Getting into the specific areas of change we see three key themes, which contain a number of specific “digital” use cases.
Some of these are the application of digital technologies to existing business processes, and some are “new” and cut across traditional business processes, taking full advantage of the new technology:
Capabilities based procurement
– Sourcing intelligence
– Digital supply base management
– Supplier network monitoring
– Vendor engagement
– Automated kanban
– Demand and consumption signal intelligence
– Real time demand matching
– Extended S&OP
– Integrated supply chain
– Thinking supply chain
– Inventory intelligence
– Smart warehousing
– Transportation optimisation
– Global trade automation
These specific projects are the ones that we predict that are going to be able to be implemented based on the new digital technologies. However, these will also require a timeline to be implemented. As a guide these can be looked at across three time horizons:
IoT and Analytics are key foundational technologies
Key technologies to focus on for the immediate focus are IoT and analytics. Every project starts with the data, so being able to gather data is key. The IoT project should also consider the communication network, storage and security in gathering, and sharing the data. Coupled with this is the focus on analytics. With ever increasing complexity, the need to be able to visualise the data is key.
So developing key skills in business intelligence and analytics will be essential. Once this has been mastered then progress can be made towards the application of AI and machine learning which will start to be realised in the midterm and long term focus.
The promise of digital technology is clear, however we do see many organisations struggling to move forward and implement at scale, Keys issues that need to be addressed are:
- No integrated roadmap. Very often business and IT have their own plan for deployment of technology with neither talking to the other.
- Establishing the ROI for the project. The challenge of rethinking the business process to fully integrated the new technology is essential. The business process should be reimagined incorporating the new technology and the return on investment measurements be adjusted to account for new metrics, such as customer engagement.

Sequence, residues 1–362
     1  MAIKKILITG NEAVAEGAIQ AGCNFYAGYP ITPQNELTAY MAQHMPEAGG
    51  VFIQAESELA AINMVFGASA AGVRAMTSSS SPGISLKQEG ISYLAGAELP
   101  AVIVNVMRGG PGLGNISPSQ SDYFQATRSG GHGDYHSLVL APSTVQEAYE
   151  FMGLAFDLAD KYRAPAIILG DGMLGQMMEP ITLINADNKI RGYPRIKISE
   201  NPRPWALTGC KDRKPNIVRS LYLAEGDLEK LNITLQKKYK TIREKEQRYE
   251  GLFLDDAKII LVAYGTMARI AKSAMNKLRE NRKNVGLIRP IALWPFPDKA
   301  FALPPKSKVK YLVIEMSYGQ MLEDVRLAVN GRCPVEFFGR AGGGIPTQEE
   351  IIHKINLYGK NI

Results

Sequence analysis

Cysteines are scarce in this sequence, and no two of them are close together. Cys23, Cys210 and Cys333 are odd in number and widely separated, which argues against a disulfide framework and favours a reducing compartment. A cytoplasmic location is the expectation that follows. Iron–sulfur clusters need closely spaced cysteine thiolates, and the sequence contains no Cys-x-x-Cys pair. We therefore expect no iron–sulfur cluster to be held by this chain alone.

- Skills. With new technology the challenge of having skills in-house is complex, consider the longer term and think about whether to develop skill in-house or move forward with a partner who can provide the skills.
- Security. Security is paramount. With a digital supply chain collecting data across multiple sources outside of the enterprise, bringing the data back into critical systems needs to be secure. Do not skimp on the budget on security.
- Scale. When starting the exercise through proof of concepts (POC), ensure that there is the infrastructure to scale the POC across the enterprise, with minimal extra investment.
Addressing these key issues and identifying the solutions to your outcomes, as a series of connected technologies, rather than just one, will give you a path forward in what can be appear to an overwhelming area.
Adoption of game-changing technologies by competing organisations and supply chains has already started to change the playing field. It is now time for organisations – large and small – to get serious about their supply chain digital transformation, because your competition is.
Prior to joining IDC, Dr. Holmes worked at the Singapore Institute of Manufacturing Technology (SIMTech). Here, he pioneered the use of technology road mapping across Singapore, working with start-ups to multinationals, to help companies match their business needs with technology. Before relocating to Singapore, he worked in the aerospace sector in the United Kingdom and focused on process efficiencies.
– Doctor of Engineering degree from Warwick University, United Kingdom completed while working for the Warwick Manufacturing Group (WMG)
– Master of Philosophy degree from the University of Glamorgan (currently University of South Wales), United Kingdom
– Frequent keynote speaker at industry conferences